The composer in question is Anna Veismane (1976*) a composer who I am surprised it took me so long to discover her. A pupil of Peteris Vasks and Romualds Kalsons, to name just two of her teachers. Her music and herself don't need too much of an introduction, due mostly to the wonderful clarity in her work. But to show her off a bit, she has worked with ensembles and musicians all over the world like the North/South Chamber Orchestra (USA), Latvian Radio Choir, William Schimmel, and The Concorde Contemporary Music Ensemble, to name but a few. I have never really been fond of just quoting someone's biography, but for me it simply highlights how many composers who are pretty busy writing for ensembles worldwide go under the radar, especially in the sheltered musical environment of Britain.

But I digress, today's post is merely an introduction to one piece for cello and accordion called Wings. The work was written and performed by TWOgether duo, at the Latvian Music Days 2014. The second work by Veismane with the title, the first being a piece for solo flute. The duo is pretty captivating, starting with timid flashes and flutters of sound. Hearing the gestures pass from cello to accordion and vice versa is always fascinating, due to the quite dynamic separating the two instruments becomes almost impossible. Then suddenly a strong gesture from the cello bursts from the music into a beautiful frenzy, with small circling motifs combined with clusters in the accordion. The energy is slowly released, and the duo shimmer and die away into nothing.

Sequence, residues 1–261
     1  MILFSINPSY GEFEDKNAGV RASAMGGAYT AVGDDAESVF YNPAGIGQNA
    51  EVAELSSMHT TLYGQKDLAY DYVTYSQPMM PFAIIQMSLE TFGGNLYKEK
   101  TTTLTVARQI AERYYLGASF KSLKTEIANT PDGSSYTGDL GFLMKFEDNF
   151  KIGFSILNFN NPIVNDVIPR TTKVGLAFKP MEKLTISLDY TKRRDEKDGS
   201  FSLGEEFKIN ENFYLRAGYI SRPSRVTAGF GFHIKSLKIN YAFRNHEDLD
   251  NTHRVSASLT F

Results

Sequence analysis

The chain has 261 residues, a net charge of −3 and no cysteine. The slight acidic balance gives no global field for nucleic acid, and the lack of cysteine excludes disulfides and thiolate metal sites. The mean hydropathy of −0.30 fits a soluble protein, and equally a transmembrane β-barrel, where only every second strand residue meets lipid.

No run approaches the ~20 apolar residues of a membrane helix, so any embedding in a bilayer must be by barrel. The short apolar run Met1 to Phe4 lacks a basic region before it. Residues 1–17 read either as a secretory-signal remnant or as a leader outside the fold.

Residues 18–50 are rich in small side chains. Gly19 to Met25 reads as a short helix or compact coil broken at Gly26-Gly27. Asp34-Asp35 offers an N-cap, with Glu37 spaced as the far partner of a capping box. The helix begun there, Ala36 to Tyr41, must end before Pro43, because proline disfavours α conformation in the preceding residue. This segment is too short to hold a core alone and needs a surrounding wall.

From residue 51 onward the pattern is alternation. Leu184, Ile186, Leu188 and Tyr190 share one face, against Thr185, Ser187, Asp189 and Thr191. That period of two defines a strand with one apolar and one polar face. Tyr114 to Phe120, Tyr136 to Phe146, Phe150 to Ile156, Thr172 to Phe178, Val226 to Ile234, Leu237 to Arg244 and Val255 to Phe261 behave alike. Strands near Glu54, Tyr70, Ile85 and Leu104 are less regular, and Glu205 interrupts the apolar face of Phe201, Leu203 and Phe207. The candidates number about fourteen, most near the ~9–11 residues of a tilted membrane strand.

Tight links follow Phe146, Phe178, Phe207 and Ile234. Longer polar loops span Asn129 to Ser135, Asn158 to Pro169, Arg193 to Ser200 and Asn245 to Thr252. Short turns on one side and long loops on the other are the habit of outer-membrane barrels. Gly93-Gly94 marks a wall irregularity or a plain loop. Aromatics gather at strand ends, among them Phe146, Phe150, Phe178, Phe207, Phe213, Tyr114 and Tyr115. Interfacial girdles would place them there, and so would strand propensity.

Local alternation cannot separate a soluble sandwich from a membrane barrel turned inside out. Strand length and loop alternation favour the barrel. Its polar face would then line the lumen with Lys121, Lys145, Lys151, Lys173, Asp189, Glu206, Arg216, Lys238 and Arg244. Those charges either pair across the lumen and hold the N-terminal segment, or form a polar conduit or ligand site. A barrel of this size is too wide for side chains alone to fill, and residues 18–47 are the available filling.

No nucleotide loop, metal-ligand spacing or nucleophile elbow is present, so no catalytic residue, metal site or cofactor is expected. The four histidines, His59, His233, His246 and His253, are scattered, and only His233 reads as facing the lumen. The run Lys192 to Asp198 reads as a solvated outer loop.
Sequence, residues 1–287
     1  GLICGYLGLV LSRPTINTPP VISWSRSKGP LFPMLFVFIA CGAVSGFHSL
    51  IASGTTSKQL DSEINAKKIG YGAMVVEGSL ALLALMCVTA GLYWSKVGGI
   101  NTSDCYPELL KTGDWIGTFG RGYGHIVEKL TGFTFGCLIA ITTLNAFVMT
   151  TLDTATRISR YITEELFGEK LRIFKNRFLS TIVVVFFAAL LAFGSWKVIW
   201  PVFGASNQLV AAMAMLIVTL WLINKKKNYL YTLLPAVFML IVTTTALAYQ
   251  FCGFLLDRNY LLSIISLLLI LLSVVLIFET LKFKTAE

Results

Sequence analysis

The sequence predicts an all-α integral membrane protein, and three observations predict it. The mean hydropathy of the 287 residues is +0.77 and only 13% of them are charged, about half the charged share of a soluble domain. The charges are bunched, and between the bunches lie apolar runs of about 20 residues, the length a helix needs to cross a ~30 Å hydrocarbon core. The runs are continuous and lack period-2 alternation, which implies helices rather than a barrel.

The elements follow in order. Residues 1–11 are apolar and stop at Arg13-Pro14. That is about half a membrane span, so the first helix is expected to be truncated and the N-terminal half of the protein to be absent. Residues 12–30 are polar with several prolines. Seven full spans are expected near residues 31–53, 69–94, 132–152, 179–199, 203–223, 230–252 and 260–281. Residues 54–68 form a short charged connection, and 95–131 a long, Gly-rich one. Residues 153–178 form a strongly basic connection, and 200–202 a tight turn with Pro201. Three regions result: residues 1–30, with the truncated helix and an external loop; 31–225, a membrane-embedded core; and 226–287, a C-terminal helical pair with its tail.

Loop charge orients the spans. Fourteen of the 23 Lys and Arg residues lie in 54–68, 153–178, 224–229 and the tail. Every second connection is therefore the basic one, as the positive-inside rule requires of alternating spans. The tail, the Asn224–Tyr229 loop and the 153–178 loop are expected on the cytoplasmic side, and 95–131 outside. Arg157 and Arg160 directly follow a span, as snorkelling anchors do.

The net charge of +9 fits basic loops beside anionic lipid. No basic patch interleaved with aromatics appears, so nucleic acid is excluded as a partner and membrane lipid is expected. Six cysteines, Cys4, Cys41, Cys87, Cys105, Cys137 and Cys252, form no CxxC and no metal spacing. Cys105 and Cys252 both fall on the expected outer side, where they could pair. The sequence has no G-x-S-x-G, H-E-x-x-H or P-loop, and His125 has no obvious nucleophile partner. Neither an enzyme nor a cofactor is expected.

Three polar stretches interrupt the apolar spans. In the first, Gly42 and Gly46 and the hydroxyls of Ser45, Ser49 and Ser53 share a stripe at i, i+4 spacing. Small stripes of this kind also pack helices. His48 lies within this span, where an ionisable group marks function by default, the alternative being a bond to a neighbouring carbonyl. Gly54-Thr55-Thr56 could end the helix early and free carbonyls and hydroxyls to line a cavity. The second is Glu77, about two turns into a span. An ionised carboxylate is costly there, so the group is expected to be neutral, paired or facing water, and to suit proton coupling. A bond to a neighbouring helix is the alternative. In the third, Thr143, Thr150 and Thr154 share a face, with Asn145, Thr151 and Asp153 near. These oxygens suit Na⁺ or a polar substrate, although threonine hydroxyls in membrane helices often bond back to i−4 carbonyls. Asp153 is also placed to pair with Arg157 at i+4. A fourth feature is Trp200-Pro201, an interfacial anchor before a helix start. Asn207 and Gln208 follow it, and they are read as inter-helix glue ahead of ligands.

The work isn't overtly grand or revolutionary, but it is just a nice fresh piece of music. Every gesture and idea is refreshing to listen to and is something I have been listening to on loop for a fair while now. Its also always nice to just come across a gripping miniature. Sometimes the most gripping pieces of music are tiny, just look at Farben from Schoenberg's Five Pieces for Orchestra, or Webern's symphony. 

Enjoy the piece here, but I also recommend people check out her website here. Some recordings of her works are present and they are definitely pieces I will want to discuss in future posts. Until next time!